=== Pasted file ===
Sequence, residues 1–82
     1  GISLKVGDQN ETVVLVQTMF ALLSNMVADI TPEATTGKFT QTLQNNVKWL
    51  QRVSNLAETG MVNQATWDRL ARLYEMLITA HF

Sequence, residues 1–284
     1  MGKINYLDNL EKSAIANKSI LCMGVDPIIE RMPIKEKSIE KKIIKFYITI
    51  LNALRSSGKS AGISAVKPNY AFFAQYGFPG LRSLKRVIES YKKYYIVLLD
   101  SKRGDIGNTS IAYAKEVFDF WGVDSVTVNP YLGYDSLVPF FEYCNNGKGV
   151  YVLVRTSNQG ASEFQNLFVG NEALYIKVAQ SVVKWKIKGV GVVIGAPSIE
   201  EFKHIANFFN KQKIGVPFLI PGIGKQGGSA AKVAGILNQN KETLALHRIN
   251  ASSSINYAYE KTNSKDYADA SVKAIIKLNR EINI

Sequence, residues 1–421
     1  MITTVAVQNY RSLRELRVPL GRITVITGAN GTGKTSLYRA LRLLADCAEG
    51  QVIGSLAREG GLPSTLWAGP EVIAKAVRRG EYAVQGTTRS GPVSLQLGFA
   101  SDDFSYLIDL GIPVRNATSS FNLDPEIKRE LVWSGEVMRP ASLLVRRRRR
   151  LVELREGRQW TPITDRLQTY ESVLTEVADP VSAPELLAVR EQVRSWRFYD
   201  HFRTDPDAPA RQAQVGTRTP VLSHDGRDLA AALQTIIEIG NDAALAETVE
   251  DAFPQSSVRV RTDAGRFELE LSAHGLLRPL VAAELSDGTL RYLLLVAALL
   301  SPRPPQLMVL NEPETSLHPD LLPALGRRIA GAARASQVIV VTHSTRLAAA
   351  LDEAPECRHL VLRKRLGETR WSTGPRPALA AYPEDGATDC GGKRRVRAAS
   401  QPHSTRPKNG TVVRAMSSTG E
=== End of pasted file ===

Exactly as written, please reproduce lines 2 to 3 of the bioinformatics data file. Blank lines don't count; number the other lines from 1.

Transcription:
     1  GISLKVGDQN ETVVLVQTMF ALLSNMVADI TPEATTGKFT QTLQNNVKWL
    51  QRVSNLAETG MVNQATWDRL ARLYEMLITA HF